This course will survey the field of quantitative investment strategies from a "buy side" perspective, through the eyes of portfolio managers, analysts, and investors. Financial modeling often involves avoiding complexity in favor of simplicity and practical compromise. The "buy side" of the marketplace is dominated less by highly rigorous mathematics or miraculous discoveries, and more by a mix of analytical and financial understanding, computation, sensible risk management, and a general sense of humbleness in search for an "edge" in investing and performance at reasonable risk/reward levels.
The purpose of this course is to give students direct exposure to those problems facing "buy side" quantitative analysts on Wall Street. In this practically oriented course, we combine all necessary material scattered in finance, computer science and statistics into a project-based curriculum, which give students hands-on experience to solve real world problems in portfolio management.
Students will work with market and historical data to develop and test trading and risk management strategies with an eye towards the practical considerations of financial data modeling, as well as real-world considerations and limitations.
In this course, we will wear the hat of a buy-side quant (e.g. someone hired by a mutual fund or a hedge fund, etc…), whose responsibility is to develop two profitable quantitative investment strategies over the course of 3 months (length of the course). Programming projects are required to complete this course.
Discussion of appropriate topics in Data Aggregation, Data Analysis and Data Mining in search for the investment "edge". Emphasis on identification and mitigation of hidden biases (e.g. selection bias) in analyzing data. We will collect and analyze fair amounts of historical data.
We will employ a variety of tools, including back-tests, in-sample/out-sample comparisons and Monte Carlo analysis, to study a strategy’s robustness and sensitivity to a given choice of parameters.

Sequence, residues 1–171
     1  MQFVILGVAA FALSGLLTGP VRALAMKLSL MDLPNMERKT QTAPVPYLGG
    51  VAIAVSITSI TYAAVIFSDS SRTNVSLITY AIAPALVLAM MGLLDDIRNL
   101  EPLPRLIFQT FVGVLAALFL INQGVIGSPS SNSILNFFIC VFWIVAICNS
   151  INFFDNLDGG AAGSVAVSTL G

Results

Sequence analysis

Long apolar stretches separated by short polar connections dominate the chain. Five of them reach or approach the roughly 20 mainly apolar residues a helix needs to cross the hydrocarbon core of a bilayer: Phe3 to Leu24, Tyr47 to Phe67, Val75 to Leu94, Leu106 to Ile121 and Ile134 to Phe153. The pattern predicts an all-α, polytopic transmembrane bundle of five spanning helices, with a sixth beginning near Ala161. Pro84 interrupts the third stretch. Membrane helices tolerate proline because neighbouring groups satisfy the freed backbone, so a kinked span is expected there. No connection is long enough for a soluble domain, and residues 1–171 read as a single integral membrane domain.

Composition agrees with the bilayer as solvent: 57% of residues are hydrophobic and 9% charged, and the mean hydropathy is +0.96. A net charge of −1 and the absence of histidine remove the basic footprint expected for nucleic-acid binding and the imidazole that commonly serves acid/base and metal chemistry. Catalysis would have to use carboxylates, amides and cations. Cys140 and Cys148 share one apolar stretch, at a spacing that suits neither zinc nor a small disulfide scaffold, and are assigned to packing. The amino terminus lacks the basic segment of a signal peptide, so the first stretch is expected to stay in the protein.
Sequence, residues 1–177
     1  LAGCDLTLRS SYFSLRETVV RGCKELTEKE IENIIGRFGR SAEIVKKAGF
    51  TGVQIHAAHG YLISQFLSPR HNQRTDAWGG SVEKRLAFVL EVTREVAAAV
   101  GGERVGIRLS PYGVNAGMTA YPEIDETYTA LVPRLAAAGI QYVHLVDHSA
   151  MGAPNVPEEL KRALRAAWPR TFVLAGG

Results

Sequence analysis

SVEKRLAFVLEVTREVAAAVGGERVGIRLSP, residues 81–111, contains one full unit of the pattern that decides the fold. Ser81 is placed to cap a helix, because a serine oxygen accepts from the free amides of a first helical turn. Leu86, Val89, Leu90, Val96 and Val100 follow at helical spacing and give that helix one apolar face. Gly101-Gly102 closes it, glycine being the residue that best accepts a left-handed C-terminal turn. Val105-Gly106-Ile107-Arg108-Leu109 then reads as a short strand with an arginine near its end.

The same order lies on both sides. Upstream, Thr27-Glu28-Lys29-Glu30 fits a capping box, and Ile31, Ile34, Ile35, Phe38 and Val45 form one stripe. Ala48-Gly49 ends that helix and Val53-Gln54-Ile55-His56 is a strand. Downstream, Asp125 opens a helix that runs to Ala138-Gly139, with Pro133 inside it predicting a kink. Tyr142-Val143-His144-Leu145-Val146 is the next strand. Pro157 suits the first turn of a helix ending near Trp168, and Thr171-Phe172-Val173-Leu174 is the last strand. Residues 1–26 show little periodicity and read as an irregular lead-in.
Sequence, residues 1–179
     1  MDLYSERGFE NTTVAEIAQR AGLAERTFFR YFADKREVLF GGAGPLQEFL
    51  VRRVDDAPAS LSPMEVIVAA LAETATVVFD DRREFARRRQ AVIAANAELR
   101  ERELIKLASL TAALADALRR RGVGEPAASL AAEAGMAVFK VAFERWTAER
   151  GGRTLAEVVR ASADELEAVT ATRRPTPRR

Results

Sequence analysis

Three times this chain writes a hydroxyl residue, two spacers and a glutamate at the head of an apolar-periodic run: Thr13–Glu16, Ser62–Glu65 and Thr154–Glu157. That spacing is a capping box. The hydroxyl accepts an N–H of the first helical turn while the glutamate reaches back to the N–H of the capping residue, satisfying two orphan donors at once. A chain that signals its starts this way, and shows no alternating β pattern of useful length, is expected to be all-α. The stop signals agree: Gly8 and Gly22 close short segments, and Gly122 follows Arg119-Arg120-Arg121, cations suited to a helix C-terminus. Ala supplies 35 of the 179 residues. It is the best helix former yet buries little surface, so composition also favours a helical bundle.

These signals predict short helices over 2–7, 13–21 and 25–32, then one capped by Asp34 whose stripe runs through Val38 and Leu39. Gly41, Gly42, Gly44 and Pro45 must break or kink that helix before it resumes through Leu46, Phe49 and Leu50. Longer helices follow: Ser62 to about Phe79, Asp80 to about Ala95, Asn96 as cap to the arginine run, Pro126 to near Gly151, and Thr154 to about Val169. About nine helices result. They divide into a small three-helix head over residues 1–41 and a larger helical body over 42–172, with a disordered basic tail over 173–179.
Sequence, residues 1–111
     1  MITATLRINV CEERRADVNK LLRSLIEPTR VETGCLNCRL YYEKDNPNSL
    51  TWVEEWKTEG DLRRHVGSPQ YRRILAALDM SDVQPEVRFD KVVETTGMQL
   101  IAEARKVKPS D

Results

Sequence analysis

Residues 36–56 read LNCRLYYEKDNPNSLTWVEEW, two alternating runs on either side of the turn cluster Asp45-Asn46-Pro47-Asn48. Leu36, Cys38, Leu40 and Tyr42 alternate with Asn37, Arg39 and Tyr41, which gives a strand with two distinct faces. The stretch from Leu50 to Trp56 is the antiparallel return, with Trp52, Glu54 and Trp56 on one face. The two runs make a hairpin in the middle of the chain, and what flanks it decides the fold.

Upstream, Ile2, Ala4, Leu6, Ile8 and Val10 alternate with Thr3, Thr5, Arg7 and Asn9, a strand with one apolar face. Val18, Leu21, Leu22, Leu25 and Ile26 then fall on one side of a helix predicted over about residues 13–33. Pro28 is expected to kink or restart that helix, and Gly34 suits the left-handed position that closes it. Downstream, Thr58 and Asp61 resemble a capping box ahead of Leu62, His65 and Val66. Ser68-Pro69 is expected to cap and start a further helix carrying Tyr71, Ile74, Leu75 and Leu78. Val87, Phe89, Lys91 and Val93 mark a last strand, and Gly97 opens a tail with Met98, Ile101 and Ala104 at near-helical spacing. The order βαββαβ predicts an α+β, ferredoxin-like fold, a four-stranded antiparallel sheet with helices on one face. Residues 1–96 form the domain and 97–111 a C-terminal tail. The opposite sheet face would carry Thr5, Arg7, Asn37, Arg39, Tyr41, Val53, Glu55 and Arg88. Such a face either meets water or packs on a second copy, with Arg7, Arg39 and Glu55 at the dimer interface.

Benchmarking, Attribution and Performance Analysis
Discussion of appropriate topics in style and performance analysis and general evaluation of strategy performance against objectives and benchmarks. We will also discuss appropriateness of various reward/risk measures (e.g. Sharpe Ratio and other statistics) as they pertain to specific strategies and objectives.
Transaction Cost Model
We will develop practical transaction cost models based on evaluation of the chosen markets. We will also discuss how to incorporate various practical limitations into a proper model.
Portfolio Construction and Optimization
Given a perceived edge and trading approach, we will study appropriate mechanisms for constructing and managing the portfolio over time.
Analysis of Leverage
With leverage (explicit or implicit) being a common source of actual (or hidden) risk, we will focus on analyzing hidden leverage due to potential non-linearities in portfolio relationships. This is especially relevant for any hedge-fund types of strategies or strategies employing futures or other "non-standard" instruments.
We will survey VAR-based and other approaches to risk management. As with the whole course, the emphasis will be from a "buy"-side perspective, i.e. we will not be concerned with risk from the point of view of fraud, business risks, etc... rather we will be concerned as investment managers to manage the risk of the portfolio on a daily basis.
Grading emphasis will be placed on the completeness and rigor of the student’s approach. During the length of the course, several industry speakers will be invited to speak on various issues in quantitative portfolio management.
Dr. Alex Greyserman is currently principal in a private hedge-fund investment partnership. Over the past 5 years, he was Chief Investment Officer a 500mil+ hedge fund, with responsibility for research, development, and implementation of all trading strategies. Dr. Greyserman holds a MS in Electrical Engineering from Columbia University and a Ph.D. in Statistics from Rutgers University.
Sufficient programming skills to carry out data-intensive analysis are required. Possible programming languages include C/C++/Perl/Matlab, and others. Given sufficient proficiency, it may be possible to conduct the analysis in Excel.
Samplings from the following books will be provided for valuable reading materials:
Schwager, J. Market Wizards (1990)
Schwager, J. New Market Wizards (1994)
Schwager, J. Stock Market Wizards (2000)
O’Shaughnessy, James P., What Works on Wall Street, (McGraw Hill, 1996)
Bernstein, Peter L. Against the Gods: The Remarkable Story of Risk, (Wiley, 1996)
Bernstein, Peter L. Capital Ideas (Free Press Paperback, 1993)
Fabozzi, Frank Investment Management (Prentice Hall, 1995)
Haugen, Robert A. The Inefficient Stock Market (Prentice Hall, 1998)
Haugen, Robert A. Beast on Wall Street (Prentice Hall, 1999)
Sharpe, William F., Gordon J. Alexander, Investments (Prentice Hall, 1999)
Taggart, Robert A., Quantitative Analysis for Investment Management (Prentice Hall, 1996)